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The GM Revolution

A young generation of general managers are testing conventional baseball wisdom as they make their marks in front offices around the Majors
Bruce Schoenfeld
From the Print Edition:
Antonio Banderas, Nov/Dec 2005

(continued from page 2)

At the start, though, he was simply an anomaly. For a time, he worked in the Orioles scouting department under Charlie Metro, an archetypal baseball man, who had set notions and his blue windbreaker and wondered what this erstwhile schoolteacher could possibly understand. Once, Schuerholz sent out minor-league requisition forms. Metro questioned the act. "What uniform did you ever wear?" he asked Schuerholz. "I was unaware that putting on a baseball uniform made you smarter," Schuerholz responded. So Metro fired him.

In 1981, the same year that Schuerholz was named the Royals' general manager, Sandy Alderson left a law practice to become team counsel of the Oakland A's. Alderson was a Dartmouth graduate with a Harvard Law degree who'd served in the Marines for four years, including a tour in Vietnam. "I went to the A's with the notion that I could always come back," says Alderson, who is now a CEO with the San Diego Padres.

Two years later, he was the A's general manager, working for a friend, owner and fellow attorney Roy Eisenhart, with baseball veterans Bill Rigney and Karl Kuehl at his side. "I really wasn't doing any player evaluation at the time, nor did I have any handle on how to do it," says Alderson. He kept his mouth shut, dressed down so as not to look like a lawyer, and fantasized that he might be the first of a new breed. "I thought maybe there could be a new prototype, people with law backgrounds who could be more proficient in business issues. That turned out not to be the case."

Alderson was proficient enough. From 1988 to 1990, his A's won three American League pennants. Beyond that, he brought a real-world perspective to the sometimes fantastical doings of the industry.

Others saw the value in this. When Edward Bennett Williams was running the National Football League's Washington Redskins for Jack Kent Cooke in the early 1970s, he'd brought in Larry Lucchino, an attorney specializing in sports law, to help. When Williams cashed out of the Redskins to buy the Baltimore Orioles in 1979, Lucchino, a graduate of Princeton and Yale Law School, moved with him. "Williams told me he'd rather reach into the pool of people who'd been selected by his law firm than use traditional baseball people," Lucchino says. "It was a different breed of cat, a better skill set."

By 1988, Lucchino was the Orioles' president, with equity in the team and a general manager below him. He'd hold the same position with the Padres—where he'd try to hire Beane to be his baseball man—and then with the Red Sox. He hasn't played baseball since helping Taylor Allderdice win Pittsburgh's high school championship, but that's fine. In Lucchino's case—and nearly every case—the line of demarcation remained firm into the 1990s. There were lawyers and businessmen to do the law and business, and baseball people to do the baseball.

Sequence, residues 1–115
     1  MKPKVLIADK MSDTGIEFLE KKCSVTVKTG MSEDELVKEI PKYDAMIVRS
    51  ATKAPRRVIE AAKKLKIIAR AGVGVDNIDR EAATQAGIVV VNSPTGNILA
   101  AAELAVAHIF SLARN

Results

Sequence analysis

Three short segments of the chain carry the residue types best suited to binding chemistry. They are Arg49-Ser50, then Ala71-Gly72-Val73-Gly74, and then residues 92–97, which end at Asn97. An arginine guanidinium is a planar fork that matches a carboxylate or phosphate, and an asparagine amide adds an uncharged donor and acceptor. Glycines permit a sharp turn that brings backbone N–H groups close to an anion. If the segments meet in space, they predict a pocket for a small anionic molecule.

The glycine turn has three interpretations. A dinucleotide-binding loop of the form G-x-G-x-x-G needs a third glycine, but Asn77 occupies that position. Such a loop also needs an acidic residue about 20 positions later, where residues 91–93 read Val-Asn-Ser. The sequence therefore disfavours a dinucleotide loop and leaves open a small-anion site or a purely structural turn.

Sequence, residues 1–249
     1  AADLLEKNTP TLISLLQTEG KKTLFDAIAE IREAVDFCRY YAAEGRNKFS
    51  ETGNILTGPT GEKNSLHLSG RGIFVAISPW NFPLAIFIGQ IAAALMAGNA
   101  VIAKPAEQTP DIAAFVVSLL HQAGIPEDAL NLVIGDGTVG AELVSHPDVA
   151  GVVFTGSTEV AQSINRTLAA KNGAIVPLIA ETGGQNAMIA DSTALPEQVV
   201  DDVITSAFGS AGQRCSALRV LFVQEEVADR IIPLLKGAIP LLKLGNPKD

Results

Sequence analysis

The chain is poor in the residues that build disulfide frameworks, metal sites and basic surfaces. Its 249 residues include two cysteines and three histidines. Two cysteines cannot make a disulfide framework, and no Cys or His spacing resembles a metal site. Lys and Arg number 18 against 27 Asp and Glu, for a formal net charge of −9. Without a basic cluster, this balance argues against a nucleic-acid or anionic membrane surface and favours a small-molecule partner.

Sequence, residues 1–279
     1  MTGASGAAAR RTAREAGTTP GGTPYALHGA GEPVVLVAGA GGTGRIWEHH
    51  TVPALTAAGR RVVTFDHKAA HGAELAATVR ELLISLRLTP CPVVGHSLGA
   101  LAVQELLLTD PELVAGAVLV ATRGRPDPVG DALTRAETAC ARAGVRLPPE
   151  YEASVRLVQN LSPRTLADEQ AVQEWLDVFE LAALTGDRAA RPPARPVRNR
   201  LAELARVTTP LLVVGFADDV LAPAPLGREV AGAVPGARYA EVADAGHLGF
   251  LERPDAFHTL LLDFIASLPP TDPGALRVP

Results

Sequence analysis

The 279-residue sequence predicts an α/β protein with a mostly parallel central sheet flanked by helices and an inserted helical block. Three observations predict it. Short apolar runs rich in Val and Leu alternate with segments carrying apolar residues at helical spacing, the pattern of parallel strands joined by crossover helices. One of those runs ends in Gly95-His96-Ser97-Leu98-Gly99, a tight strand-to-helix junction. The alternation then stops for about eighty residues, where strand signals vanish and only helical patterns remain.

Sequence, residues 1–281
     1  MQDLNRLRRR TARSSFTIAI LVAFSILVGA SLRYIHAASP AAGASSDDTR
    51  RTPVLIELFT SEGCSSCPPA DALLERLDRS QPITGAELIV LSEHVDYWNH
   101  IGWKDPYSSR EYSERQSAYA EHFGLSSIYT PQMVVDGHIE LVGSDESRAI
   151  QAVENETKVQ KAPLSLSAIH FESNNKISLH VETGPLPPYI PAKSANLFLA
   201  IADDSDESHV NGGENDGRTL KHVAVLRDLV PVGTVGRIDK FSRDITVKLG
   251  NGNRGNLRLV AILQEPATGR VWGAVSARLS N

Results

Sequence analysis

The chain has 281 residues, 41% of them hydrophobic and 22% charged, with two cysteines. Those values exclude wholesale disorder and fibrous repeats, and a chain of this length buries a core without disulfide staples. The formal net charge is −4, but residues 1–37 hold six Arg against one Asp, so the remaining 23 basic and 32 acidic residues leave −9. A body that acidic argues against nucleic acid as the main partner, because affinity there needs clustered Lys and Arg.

If a Theo Epstein had come along then, carrying the same Yale degree and obvious intelligence, the existing schemata of Major League Baseball would have offered little hope. "He would have seen that the environment in the industry did not exist for an opportunity to succeed," says Schuerholz. "And he would have been smart enough to have gone to work in another industry."

But baseball was changing. For one thing, the men sitting across the table from Lucchino, Schuerholz and Alderson during contract negotiations were now the furthest thing from baseball men. In the 1980s, a new breed of professional agent had emerged. "Very few had the slightest bit of baseball experience, yet they were certainly evaluating talent," Lucchino says. "So it was getting more difficult to criticize the guy sitting on the other side of the table for having no baseball experience."

And the business of baseball was evolving. "As the franchise values went up, the stakes got higher," says Mark Shapiro, the Indians' general manager. "Some owners recognized that they should have people running this business that held themselves to the same standard as the people running their other businesses."

As a job applicant, Shapiro's only connection to baseball was tenuous, and as much negative as positive: his father, Ron, was one of those agents who'd helped blow player salaries sky-high. Shapiro had attended Princeton and played football as an undersized lineman. In 1992, he left a budding career as a property developer to work in the front office of the Indians, the worst team in baseball.

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